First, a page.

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-   -   Fluid flow through wall U %3d 0 ignored when set pressure gradient for buoyancy (

kar February 29, 2008 17:40

Hi there, I added buoyant f
Hi there,

I added buoyant force (1 + alpha*T)*g to an extended icoFoam solver, g = (0 -9.81 0), then set BCs for p as pressure gradient such that eq grad(p) = g is satisfied. And what happens is - fluid goes through a boundary where BC U=(0 0 0) is set! Maybe you have an idea why?


mike_jaworski March 1, 2008 01:27

Karlis, I'm guessing you'r
I'm guessing you're setting this BC at the bottom of the domain. Have you tried setting it to a fixedValue boundary with a value of rho*g*h where h is your fluid depth? That strikes me as a more direct approach.

Mike J.

hjasak March 1, 2008 07:33

the flow you are seeing is bec
the flow you are seeing is because of your PRESSURE boundary condition. A non-zero pressure gradient means there must be flow through the boundary because of the pressure Laplacian. You did not account for this in the pressure equation and hence you are getting non-zero flux.

Remember, boundary conditions on p and U are not independent - as I am sure you already know.



kar March 1, 2008 12:34

Harvoje, I wouldn't ask and

I wouldn't ask and make such useless experiments if I knew about BC non-independence etc.
Decided to implement gravitational force and temperature dependent density in icoFoam.

Looking at the buoyantFoam solver I see some dynamic pressure introduced and only that is used for laplace( p ). Don't understand that stuff yet...
-> Where to read more about how to build buoyant solver for incompressible fluid? I read your thesis, Harvoje, but I would appreciate if someone point me in the right direction for buoyancy stuff..
-> When I finish that solver, I would be happy to share it. Also I haven't found a BC patch type for convective + radiation heat transfer; BC is this:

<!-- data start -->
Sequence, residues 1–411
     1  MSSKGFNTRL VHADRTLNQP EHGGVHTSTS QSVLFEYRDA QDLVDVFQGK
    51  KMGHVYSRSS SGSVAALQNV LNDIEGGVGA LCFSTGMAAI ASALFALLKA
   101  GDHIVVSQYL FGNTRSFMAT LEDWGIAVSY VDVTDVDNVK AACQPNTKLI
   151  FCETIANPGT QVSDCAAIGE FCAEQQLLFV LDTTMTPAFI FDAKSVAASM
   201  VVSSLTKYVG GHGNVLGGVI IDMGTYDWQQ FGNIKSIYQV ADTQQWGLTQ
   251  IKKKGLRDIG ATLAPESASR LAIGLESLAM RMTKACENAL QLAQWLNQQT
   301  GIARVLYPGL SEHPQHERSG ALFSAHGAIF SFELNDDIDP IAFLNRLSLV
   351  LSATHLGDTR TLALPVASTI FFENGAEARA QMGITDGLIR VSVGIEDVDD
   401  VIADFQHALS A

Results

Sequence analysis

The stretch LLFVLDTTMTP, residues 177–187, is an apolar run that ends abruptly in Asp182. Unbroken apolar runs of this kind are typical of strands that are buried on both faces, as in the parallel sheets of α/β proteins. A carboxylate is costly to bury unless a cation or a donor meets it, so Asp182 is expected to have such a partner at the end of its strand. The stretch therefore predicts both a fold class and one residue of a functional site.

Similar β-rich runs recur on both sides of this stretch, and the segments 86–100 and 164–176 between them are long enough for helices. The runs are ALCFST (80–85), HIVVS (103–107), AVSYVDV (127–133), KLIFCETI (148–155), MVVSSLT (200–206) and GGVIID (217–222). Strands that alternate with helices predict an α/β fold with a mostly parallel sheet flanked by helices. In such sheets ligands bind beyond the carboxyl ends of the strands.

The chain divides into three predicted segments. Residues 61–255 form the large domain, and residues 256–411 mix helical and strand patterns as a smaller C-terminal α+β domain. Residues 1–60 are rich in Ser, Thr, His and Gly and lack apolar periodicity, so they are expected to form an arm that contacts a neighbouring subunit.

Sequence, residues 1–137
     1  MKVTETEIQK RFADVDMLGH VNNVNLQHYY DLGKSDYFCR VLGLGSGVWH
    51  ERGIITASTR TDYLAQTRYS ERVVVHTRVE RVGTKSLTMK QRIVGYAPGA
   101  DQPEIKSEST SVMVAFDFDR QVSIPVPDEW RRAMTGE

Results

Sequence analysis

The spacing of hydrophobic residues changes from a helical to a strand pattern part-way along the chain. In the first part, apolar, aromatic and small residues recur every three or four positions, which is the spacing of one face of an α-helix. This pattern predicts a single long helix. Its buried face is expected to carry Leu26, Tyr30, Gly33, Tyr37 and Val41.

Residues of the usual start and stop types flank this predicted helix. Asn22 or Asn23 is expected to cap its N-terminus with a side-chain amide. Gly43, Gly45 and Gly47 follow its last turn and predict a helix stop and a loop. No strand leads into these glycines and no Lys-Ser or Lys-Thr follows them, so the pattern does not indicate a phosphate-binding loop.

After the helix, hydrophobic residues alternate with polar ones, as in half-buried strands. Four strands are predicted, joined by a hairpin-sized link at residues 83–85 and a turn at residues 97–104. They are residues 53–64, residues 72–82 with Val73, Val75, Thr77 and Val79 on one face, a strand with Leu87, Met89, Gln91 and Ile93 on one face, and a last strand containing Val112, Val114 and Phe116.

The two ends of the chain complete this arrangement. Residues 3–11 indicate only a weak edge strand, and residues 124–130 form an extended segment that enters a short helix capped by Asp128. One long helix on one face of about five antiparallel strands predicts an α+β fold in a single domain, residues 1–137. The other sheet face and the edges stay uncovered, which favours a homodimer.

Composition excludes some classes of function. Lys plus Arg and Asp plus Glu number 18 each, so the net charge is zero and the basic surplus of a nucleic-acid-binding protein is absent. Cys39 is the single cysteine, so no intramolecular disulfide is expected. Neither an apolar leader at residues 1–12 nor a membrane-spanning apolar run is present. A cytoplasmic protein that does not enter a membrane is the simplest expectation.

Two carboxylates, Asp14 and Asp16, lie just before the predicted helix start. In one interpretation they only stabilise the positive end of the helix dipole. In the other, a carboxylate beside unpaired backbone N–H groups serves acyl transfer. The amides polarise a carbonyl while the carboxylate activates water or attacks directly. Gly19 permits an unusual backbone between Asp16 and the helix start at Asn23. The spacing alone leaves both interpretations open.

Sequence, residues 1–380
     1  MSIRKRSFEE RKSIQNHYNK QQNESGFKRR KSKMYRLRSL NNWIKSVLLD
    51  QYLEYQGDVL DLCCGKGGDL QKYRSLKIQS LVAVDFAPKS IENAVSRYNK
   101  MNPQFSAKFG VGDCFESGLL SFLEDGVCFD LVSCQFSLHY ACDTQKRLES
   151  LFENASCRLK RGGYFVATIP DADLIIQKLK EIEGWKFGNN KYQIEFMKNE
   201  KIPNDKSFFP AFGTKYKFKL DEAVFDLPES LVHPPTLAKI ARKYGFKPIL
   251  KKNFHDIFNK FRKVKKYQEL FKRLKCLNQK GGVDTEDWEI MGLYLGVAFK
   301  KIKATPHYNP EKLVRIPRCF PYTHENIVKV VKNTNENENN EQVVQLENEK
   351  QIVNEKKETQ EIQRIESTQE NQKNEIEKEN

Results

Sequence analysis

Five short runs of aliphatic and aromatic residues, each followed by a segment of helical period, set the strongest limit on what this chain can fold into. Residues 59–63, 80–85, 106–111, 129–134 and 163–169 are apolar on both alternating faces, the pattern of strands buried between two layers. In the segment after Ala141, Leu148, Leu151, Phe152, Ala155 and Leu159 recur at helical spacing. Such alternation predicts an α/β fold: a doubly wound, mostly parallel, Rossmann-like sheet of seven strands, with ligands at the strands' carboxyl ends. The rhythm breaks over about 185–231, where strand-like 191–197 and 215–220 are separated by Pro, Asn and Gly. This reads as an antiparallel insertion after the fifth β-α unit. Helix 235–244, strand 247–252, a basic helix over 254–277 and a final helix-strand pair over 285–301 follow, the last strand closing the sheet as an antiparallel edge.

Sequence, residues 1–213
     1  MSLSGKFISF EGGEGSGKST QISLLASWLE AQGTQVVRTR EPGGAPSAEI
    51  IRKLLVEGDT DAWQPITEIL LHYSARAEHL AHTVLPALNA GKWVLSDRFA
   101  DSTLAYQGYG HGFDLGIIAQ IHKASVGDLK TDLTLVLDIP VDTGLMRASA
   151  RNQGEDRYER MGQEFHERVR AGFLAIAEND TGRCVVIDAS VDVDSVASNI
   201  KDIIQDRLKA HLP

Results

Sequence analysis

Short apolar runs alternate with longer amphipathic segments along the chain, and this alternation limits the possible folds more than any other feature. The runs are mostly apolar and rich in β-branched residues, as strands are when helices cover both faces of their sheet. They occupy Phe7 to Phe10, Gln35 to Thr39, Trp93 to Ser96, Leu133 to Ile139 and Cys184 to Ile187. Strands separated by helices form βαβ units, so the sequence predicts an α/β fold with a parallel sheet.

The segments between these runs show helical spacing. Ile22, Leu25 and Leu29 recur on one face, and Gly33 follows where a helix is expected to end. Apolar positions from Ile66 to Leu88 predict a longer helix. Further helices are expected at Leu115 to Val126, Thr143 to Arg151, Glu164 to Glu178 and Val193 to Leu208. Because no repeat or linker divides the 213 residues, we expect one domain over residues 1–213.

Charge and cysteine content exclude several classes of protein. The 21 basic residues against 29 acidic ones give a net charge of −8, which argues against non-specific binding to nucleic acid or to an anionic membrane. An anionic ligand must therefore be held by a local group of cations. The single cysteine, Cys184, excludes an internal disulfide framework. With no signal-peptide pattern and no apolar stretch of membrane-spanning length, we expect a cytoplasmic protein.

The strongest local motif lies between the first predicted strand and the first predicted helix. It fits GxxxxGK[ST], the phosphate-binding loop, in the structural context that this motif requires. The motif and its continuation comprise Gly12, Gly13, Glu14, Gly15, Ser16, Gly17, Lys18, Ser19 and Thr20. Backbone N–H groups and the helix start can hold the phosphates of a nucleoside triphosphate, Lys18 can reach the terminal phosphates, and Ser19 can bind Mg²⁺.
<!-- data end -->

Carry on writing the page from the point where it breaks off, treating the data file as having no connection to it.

grad(T) = - surfaceNormalVector/k * ( h*(T - Treference) + sigma*epsilon(T^4 - Treference^4) )

For sake of good usage constants h, Treference, epsilon must be read from 0/T file. I already begin a thread about this, but there is no reply so far. I wasn't able to access T field defined in solver from separate *.C file which defined class temperatureOpeningFvPatchScalarField : public fixedGradientFvPatchScalarField.

Best regards,

kar March 1, 2008 13:25

Harvoje, I found in an old

I found in an old thread ( ), there was boussinesqBuoyantFoam by you, but link doesn't work... Maybe you could post it in again if you consider it useful?


mike_jaworski March 1, 2008 23:53

Karlis, I do not believe t
I do not believe the pressure gradient term is correct as a boundary condition in the way you have used it. Namely, the gradient of the pressure is necessary *within* the fluid because of momentum balance. At a physical wall, however, pressure has a specific value. If you write out the equations for a momentum balance of the wall itself, the wall-fluid force is the (pressure)*(area), and has nothing to do with the gradient.

There already is a buoyant solver in OpenFOAM if I recall correctly. What does it specify for pressures?

Mike J.

kar March 2, 2008 06:42

Michael, first about BC: ph

first about BC: physically there is gradient. Is there any reason to say it cannot be implemented in OpenFOAM?
Harvoje said: "You did not account for this in the pressure equation and hence you are getting non-zero flux."
So, my problem (one of..) appears to be writing correct pressure eq!

Second - I don't like specifying pressure because it is an integral quantity. There is static pressure and dynamic, but in case when density changes and flow is present, I'm not sure if it's still that simple. So I decided to use gradient as BC!

About buoyantFoam - it is for compressible flow and tries to separate p = pd + rho*gh + pRef; But I currently cannot accept that. How to show that it solves the same N-S equation with same conditions as for full pressure p?


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